The research was funded by grants to individual researchers from the Alfred P. Sloan Research Foundation, Whitehall Foundation, National Science Foundation, National Institute of Neurological Disorders and Stroke, and University of Iowa Office of the Vice President of Research.

The UC Davis School of Medicine is among the nation's leading medical schools, recognized for its specialty- and primary-care programs. The school offers fully accredited master's degree programs in public health and in informatics, and its combined M.D.-Ph.D. program is training the next generation of physician-scientists to conduct high-impact research and translate discoveries into better clinical care. Along with being a recognized leader in medical research, the school is committed to serving underserved communities and advancing rural health. For further information, visit the UC Davis School of Medicine Web site at http://www.ucdmc.ucdavis.edu/medschool/.

University of California - Davis Health System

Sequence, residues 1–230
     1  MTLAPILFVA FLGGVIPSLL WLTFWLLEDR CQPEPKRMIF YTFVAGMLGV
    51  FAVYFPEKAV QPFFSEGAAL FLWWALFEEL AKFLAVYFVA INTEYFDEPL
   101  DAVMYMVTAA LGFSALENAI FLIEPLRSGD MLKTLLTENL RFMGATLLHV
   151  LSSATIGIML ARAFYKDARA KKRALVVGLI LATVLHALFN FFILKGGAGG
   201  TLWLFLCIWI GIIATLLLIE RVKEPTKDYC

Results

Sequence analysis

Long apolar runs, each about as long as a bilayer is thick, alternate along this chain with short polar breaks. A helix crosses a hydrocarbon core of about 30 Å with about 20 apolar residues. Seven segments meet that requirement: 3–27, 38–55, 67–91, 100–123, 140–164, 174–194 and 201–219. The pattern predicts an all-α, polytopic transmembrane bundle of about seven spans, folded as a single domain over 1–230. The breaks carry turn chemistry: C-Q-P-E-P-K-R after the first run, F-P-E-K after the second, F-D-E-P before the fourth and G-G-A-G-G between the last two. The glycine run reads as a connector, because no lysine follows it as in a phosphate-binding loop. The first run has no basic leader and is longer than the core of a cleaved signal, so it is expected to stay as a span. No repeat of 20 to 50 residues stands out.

Related Neurons Articles from Brightsurf:

Paying attention to the neurons behind our alertness
The neurons of layer 6 - the deepest layer of the cortex - were examined by researchers from the Okinawa Institute of Science and Technology Graduate University to uncover how they react to sensory stimulation in different behavioral states.

Trying to listen to the signal from neurons
Toyohashi University of Technology has developed a coaxial cable-inspired needle-electrode.

A mechanical way to stimulate neurons
Magnetic nanodiscs can be activated by an external magnetic field, providing a research tool for studying neural responses.

Extraordinary regeneration of neurons in zebrafish